Needless to say, it’s tricky and often relies on a lot of assumptions. If you get the likely voter universe right, your poll will be widely celebrated for accuracy. If you get it wrong, you could be forever branded with the scarlet letter.

The most familiar example of this is 2016: most experts now agree that the primary reason polling models missed in that Trump v Clinton election is that pollsters didn’t include enough white voters without college degrees in their “likely voter” universes. In 2016, Trump’s campaign enticed many of these Americans to come to the polls, running against prior voting history and thus confounding polls.

With issue polls, we don’t deal with this problem. Issue polls typically collect samples of all adults or all registered voters, two populations that are far more stable and have much more readily available demographic details to inform you on whom to interview. We don’t need to make assumptions or guess.

By removing the guesswork, we eliminate a major opportunity for error that is often the reason election polls get it wrong and provide our advocates with better, sturdier data.


When ReThink conducts issue polls, we do it in a particular way: we ask about the issue, then we present some messaging. Then we ask about the issue again, to see if we change anybody’s mind. That way, we can see what our strongest messages are, who our strongest supporters are, who our most persuadable audience is, and who is our opposition.

The good thing about this setup is that, even if the topline result on the original ask about the issue is a bit off from the real number, we still get a good read on how opinion moves.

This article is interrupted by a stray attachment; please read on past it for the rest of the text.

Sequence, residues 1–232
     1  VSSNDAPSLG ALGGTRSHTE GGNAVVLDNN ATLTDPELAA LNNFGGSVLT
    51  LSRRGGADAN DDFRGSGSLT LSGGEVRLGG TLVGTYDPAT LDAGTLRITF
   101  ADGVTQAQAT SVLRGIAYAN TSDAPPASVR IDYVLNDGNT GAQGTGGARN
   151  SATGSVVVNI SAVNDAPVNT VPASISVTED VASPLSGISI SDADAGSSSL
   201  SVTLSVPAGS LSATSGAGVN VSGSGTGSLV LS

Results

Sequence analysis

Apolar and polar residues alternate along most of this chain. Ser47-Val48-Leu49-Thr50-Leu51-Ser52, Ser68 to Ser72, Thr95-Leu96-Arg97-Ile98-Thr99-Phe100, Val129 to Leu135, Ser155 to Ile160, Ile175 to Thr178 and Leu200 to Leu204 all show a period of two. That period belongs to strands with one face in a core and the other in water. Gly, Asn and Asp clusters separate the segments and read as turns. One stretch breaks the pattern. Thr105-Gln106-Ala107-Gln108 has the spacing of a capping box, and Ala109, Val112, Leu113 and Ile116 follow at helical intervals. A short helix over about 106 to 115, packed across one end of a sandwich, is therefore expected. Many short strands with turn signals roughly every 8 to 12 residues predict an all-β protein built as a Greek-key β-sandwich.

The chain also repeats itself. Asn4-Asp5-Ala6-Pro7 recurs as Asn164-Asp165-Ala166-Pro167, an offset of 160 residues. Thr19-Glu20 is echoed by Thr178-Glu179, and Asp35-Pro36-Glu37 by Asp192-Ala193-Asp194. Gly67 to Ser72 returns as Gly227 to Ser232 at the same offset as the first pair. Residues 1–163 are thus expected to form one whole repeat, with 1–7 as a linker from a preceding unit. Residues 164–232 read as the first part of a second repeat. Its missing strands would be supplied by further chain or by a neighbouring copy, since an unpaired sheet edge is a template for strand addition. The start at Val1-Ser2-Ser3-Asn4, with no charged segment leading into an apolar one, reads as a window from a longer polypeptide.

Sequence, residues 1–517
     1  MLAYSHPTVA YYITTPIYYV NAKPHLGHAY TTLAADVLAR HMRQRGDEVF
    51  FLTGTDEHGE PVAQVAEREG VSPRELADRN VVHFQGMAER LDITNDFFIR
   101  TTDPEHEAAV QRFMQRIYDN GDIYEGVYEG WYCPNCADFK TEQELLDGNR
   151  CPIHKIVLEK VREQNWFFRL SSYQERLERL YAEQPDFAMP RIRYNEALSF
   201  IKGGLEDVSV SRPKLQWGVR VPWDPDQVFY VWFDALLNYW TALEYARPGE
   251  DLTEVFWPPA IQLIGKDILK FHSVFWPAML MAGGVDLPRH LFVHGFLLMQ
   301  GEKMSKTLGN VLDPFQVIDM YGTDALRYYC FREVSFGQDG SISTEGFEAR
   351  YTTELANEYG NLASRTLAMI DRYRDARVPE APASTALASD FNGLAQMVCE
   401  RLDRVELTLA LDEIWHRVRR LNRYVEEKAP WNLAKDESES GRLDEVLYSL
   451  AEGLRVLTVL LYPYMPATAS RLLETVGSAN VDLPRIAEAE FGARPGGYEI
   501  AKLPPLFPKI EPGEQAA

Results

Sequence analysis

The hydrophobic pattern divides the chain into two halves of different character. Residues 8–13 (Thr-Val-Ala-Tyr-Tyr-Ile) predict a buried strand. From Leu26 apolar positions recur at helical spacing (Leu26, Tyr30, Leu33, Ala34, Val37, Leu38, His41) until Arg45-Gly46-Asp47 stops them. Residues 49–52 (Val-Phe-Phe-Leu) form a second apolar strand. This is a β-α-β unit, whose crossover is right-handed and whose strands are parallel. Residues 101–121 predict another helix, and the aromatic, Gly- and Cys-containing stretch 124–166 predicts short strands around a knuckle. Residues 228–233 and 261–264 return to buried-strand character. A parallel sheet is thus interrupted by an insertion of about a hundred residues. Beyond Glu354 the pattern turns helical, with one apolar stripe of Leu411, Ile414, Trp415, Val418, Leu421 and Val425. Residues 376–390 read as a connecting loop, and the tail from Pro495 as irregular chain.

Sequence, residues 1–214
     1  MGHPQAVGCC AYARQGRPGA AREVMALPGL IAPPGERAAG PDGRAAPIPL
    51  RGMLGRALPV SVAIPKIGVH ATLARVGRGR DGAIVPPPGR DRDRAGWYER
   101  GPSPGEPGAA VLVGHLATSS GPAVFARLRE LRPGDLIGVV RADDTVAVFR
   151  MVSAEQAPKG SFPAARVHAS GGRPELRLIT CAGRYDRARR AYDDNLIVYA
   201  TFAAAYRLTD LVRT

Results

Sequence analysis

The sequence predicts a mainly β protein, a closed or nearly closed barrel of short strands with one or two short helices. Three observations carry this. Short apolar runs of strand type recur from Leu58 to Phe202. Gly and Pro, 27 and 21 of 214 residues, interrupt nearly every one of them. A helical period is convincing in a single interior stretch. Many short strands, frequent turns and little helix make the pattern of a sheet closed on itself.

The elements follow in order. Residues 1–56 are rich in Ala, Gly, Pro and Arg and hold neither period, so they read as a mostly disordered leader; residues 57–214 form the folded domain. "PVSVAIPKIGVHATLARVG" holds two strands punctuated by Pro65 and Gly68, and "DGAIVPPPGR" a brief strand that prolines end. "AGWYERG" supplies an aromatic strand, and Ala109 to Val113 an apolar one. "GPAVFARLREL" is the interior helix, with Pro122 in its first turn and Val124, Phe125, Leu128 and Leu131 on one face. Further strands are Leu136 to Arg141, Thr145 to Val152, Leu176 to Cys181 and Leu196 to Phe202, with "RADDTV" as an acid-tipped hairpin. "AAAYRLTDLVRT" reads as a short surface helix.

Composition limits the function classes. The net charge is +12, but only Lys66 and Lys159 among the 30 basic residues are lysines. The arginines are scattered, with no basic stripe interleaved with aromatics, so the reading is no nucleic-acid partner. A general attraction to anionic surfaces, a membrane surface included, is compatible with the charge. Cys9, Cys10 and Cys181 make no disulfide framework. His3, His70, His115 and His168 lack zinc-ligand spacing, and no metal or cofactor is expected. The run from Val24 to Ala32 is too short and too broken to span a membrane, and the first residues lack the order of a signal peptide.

If we ask, “do you support or oppose overturning the Supreme Court’s decision in Citizens United vs. FEC?” and get a result that looks like 53–47% support, we might think that looks a little low on the support side, and we’d probably be right. But after testing our messages, we might see support increase to 60–40%. Even if our original baseline is a bit off, this still shows us that our messages are strong enough to move some people toward our side.

If we see a big increase in support among people under age 30, that’s an actionable insight.

If we see a sharp decrease in support among politically moderate men in the Midwest, that’s an actionable insight.

If we see one message do particularly well with married mothers who are registered Independents, that’s an actionable insight.

In election polling, if you get the topline wrong, you’ve gone bust. In issue polling, if you get the topline wrong, there’s still a treasure trove of good information that you can use to win.


As we collectively move on from the 2020 election, it’s important to keep in mind that, even if the polling industry misses on the election results, there’s still a colossus of good that they can do for advocates who are trying to secure wins and action on our priorities. ReThink Media will continue to provide thorough and substantive analysis of polling to inform advocates on messaging and strategy as we navigate the new political climate that we will be heading into in the new year.

(Cover photo by Markus Spiske on Unsplash)